What Recruiters Look For In Your Linkedin Profile
by Thorpe Molloy Recruitment
Linkedin is a crowded place. With over 562 million users this professional network has become an invaluable resource for recruiters since it launched in 2003.
But how is it working out for you as a job seeker? From your dashboard, you know how many people are looking at your profile but how many of those are choosing to connect in, message or engage with you on a career prospect?
If the number is lower than you hoped then it's time for a revamp. Here's a compilation of what our recruiters look for in a Linkedin profile.
Your profile is far more clickable if you are smart about what you put in the headline.
Make it clear what you DO, avoiding jargon filled internal job titles. Head of Fun at ABZ Co. sounds like a blast, but no recruiter is going to search for you that way. Head of Employee Engagement – now we have a much better idea what you do.
As well as your job title, including your location, current employer or industry will differentiate you too. For instance, Marketing Manager is pretty generic, but Digital Retail Marketer conveys much more about you.
Chris Carr from our HR team has great advice, "You're on no-one's radar if you're "seeking employment" as you're one of many! Change your headline from "looking for new opportunities" to something more informative such as "CA-qualified Accountant with immediate availability" or "15yrs+ HR experience, seeking new opportunities".
The headline also appears in Google search results – so recruiters can find you even when they are not on Linkedin, reinforcing the importance of using relevant key words in this part of your profile.
Consider Karey Roberts headline:
Always include a professional photo. Selfies, family shots and wedding pictures don't create the right impression. Smile. Dress professionally. Photos are even more important if you hope to secure a people-centric or customer facing role. And make sure your photo doesn't obscure any text that you've placed in your header image.
Across your profile it's important that you don't use jargon. Your summary should be written in the first person and be personable.
The first 3 rows appear by default on your profile – make these punchy enough for the recruiter to want to read on.
Show off how accomplished you are by providing 2 or 3 specifics on what you have ACHIEVED or WHAT YOU DO or HOW YOUR JOB HELPS PEOPLE. For example, anyone could say they are "a motivated sales executive focused on exceeding targets by delivery exceptional customer service". What a snoooozzzzzzze.
This gets our attention though, "I sell Smart TechTM software to small business owners by demonstrating how this technology can reduce their energy costs."
Long paragraphs of text are a turn-off, but try using bullet points as these "bite size" chunks of information are much easier to speed read.
If you really find it hard to write about yourself a cute hack is to check out the skills requirements on relevant job adverts. They will be full of key words, providing inspiration when you write your summary, skills and work experience sections.
We like how Karey has used her summary to reinforce her specialties (which are jam packed with key words) and provide easy visibility of her contact details.
Career History and Experience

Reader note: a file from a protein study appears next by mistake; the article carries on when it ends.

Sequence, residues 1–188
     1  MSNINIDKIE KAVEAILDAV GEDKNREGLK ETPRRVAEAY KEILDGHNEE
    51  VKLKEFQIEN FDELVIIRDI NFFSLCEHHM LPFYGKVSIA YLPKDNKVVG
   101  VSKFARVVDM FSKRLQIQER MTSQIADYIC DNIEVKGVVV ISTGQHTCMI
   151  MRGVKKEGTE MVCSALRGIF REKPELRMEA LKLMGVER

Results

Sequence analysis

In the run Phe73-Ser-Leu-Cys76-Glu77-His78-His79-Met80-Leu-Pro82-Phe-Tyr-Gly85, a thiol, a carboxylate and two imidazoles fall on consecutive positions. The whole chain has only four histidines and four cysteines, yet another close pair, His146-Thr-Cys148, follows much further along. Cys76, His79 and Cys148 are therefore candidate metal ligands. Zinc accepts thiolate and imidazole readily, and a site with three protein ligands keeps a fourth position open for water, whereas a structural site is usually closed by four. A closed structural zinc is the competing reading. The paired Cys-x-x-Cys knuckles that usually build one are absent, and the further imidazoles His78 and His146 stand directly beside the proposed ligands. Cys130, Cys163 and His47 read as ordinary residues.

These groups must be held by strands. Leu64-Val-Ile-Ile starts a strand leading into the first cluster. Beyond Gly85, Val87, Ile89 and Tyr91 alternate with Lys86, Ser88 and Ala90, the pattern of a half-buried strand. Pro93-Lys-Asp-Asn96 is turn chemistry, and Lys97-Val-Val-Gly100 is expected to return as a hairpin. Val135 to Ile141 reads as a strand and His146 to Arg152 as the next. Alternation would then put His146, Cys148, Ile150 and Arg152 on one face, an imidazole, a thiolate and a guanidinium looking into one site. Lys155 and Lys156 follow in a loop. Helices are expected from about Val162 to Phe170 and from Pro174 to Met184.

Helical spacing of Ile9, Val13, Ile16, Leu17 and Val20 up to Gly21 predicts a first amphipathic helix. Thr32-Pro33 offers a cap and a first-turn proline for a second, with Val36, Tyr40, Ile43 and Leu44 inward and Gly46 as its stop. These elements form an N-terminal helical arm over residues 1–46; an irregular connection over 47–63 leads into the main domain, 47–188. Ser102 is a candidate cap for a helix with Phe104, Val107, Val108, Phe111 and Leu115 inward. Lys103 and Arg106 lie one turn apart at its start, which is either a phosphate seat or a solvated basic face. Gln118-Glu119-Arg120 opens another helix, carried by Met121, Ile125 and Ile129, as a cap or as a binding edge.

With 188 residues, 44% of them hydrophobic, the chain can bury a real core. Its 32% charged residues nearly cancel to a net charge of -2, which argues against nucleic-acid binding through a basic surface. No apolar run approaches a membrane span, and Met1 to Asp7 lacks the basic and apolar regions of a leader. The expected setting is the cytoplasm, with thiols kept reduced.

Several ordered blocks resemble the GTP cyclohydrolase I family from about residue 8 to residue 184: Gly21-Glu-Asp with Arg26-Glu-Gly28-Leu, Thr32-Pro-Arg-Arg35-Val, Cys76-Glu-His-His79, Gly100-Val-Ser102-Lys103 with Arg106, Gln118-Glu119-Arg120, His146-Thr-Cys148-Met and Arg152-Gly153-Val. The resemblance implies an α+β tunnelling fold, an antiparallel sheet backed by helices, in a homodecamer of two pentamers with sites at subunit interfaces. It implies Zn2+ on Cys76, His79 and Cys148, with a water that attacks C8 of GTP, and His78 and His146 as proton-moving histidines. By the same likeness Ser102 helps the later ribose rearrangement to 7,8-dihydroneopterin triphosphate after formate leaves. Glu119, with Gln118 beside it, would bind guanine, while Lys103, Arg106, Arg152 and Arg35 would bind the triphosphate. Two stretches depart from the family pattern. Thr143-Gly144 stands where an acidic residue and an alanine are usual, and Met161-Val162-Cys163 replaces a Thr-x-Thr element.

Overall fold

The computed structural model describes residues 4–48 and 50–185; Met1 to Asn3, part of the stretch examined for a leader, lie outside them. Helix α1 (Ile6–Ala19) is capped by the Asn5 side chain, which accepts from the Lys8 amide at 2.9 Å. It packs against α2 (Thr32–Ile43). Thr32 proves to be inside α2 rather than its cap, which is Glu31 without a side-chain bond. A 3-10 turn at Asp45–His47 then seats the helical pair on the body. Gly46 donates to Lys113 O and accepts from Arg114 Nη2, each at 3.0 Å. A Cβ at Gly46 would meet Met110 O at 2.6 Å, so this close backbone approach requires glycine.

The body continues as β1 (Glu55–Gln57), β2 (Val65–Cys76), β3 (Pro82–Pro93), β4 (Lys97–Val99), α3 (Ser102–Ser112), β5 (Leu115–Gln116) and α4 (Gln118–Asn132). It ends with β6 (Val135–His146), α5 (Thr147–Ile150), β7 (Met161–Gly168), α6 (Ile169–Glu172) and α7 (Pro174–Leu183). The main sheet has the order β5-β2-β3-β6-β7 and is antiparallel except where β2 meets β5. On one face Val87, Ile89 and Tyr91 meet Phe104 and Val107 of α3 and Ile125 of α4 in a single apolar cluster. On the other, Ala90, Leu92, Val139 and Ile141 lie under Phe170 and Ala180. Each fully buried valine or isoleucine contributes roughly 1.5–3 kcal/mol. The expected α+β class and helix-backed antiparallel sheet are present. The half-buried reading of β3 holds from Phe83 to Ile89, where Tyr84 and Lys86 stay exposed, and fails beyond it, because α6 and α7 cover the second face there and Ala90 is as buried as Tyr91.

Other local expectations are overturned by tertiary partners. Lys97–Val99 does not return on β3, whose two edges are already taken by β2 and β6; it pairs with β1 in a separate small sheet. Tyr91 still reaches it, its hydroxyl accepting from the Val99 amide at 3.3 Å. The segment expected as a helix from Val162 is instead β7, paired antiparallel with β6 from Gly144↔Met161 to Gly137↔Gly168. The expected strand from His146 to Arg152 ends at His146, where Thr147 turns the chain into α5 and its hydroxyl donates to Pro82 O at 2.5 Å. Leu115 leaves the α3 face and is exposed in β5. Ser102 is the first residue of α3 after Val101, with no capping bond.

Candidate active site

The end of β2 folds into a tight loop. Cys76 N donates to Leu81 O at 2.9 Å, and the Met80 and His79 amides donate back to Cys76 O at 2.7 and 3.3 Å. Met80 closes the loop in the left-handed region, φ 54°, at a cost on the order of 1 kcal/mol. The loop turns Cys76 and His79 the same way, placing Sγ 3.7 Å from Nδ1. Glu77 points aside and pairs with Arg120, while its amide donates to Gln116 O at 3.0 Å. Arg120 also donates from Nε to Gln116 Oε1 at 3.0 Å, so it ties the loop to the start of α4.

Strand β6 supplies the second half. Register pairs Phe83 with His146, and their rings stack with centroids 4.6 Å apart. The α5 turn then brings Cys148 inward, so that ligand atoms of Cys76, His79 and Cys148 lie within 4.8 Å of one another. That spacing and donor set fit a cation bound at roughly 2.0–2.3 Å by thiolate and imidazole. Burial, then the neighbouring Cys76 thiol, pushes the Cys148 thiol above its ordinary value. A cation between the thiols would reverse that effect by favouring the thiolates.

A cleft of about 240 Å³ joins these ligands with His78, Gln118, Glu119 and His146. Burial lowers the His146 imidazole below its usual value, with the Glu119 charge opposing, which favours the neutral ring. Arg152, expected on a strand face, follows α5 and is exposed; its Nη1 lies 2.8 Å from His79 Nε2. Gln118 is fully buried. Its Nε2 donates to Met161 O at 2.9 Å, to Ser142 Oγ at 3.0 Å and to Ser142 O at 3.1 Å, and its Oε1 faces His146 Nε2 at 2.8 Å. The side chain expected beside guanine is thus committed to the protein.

This is the section where you can detail the accomplishments in each role you've held during your career.
Lauren Murray, QHSE recruiter explains "Job seekers really do themselves a dis-service by not completing their career history section. Aim to include around half a dozen bullet points on responsibilities and achievements. Talk about your skills, otherwise it is impossible for a recruiter to determine if you could be a good match for the role."
"Another tip from me is that temping and contracting are really effective ways to increase your skills and experience but remember to detail the company you worked at, rather than the agency you worked through. This information gives the recruiter a much better idea about your industry experience."
Completing your Education status will increase the number of searches your profile appears in (so will completing your Location field by the way). Keep your qualifications and professional credentials up to date – this is particularly important for certificates or memberships that are renewed annually.
Adding examples of your work is a really effective way to showcase your skills and lends itself particularly well to people working in creative disciplines. But presentations, white papers, press cuttings and pictures can all contribute to your online portfolio.
Here's how Daniel Dunne of Worldpay has used media on his profile:
Let's face it, no-one is going to show a bad recommendation (pardon the oxymoron) so the value in them is debatable, but for a recruiter, recommendations can be useful if they mention specific skills, accomplishments and attributes.
Giving recommendations is a great way of receiving them – people tend to reciprocate.
Try to extend your first degree connections as your profile will be found more easily the more connections you have. We're not talking many thousands, but above 500 is a great start. Then, set yourself a target to reach 1,000 then 1,500 - you get the idea!
Tell Us You Are Looking
We know, unsolicited communications from recruiters can be annoying. Equally, you might have a great profile, but never receive connection requests from recruiters. Maybe that's because of the signals you are giving out. Check your privacy settings, have you let recruiters know you're open to opportunities?
How You Work It
Just like social media, what you post and how you comment on Linkedin contributes significantly to the type of impression you make. Your connections may know you and your personality, but chances are the recruiter viewing your profile doesn't, so bear in mind your tone. You can't go far wrong by always keeping it professional.